The story told in Slaughterhouse Five is very much unique to its setting and the time in which it occurs. The story is told by Kurt Vonnegut, who is also a minor character in the book, about the life experiences of Billy Pilgrim during World War II. The story centers on a specific event that occurs during the war, the Allied firebombing of Dresden, Germany. This specific bombing has gone virtually unnoticed by Americans throughout history since the war due to its location, being in Germany. However, certainly the scrutiny would be much greater if such a horrendous bombing was inflicted upon Britain, America, or another Allied power.
In addition, the story itself would not have been told if it were not for Vonnegut’s own unique situation in the war, being held captive safe under Dresden during it’s bombing. Vonnegut’s narrative of Billy Pilgrim reaches farther than the setting of the war in Germany. Throughout the novel, Billy experiences flashbacks and flashforwards that take him back to his earlier years as a child and forward to his life after the war. One particular location in which Billy Pilgrim frequents is the planet of Tralfamadore, the faraway home of his alien captors. Following the war, Billy proclaims that aliens abducted him on his daughter’s wedding night.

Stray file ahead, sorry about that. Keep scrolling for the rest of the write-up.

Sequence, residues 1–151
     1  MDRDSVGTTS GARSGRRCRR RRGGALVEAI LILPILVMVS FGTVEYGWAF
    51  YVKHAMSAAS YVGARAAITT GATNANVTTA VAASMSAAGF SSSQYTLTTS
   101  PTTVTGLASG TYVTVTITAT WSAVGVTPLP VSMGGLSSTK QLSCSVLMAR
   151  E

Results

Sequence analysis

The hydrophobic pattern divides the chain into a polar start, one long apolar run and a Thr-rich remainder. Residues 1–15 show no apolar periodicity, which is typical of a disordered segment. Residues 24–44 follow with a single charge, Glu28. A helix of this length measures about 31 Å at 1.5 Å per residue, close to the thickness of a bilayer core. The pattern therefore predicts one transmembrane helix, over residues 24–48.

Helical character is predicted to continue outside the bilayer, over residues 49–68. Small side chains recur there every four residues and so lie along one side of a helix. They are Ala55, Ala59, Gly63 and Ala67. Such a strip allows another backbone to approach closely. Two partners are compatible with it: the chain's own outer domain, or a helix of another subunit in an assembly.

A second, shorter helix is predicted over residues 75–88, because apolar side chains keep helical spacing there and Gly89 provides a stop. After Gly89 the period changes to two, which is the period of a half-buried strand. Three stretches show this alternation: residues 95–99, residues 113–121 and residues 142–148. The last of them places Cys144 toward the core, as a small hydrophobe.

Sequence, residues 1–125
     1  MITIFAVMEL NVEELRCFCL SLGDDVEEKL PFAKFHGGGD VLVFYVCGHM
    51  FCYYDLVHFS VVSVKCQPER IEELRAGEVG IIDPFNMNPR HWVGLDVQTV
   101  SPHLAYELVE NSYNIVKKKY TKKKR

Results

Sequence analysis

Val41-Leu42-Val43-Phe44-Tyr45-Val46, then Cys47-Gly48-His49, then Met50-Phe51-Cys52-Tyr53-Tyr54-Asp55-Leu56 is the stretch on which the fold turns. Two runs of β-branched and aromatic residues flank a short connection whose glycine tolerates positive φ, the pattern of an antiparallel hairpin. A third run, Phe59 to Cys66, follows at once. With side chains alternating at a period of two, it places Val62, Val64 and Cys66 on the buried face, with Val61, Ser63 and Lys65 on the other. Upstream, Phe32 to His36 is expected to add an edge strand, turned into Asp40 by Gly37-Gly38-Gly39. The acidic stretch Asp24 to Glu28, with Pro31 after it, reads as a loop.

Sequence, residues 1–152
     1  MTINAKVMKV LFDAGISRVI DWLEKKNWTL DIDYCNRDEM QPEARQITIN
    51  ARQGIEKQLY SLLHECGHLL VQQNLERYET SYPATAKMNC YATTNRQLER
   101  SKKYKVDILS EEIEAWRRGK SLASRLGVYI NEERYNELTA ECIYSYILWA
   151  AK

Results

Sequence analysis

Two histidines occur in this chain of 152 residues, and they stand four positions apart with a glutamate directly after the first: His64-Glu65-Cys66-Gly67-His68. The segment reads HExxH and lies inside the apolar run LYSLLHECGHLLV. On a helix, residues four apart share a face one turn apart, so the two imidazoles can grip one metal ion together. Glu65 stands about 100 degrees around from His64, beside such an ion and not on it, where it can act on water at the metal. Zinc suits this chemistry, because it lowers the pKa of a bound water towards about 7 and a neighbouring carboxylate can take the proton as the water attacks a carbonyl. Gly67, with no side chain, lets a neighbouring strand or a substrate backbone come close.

However, he explains that he was still able to attend this wedding, for the Tralfamadore locales traveled through time, through the fourth dimension. The aliens, their philosophies, and their planet impact the flow of the story and the ideals of Billy himself. Without the bizarre happenings that Billy insists occurs while in the alien’s company, Billy’s character would be drastically different with the absence of his unique outlook on death. Also, Vonnegut’s goal of revealing the ignorance of the atrocities performed by humans would go unseen without the introduction of the Tralfamadorians and their philosophies on death.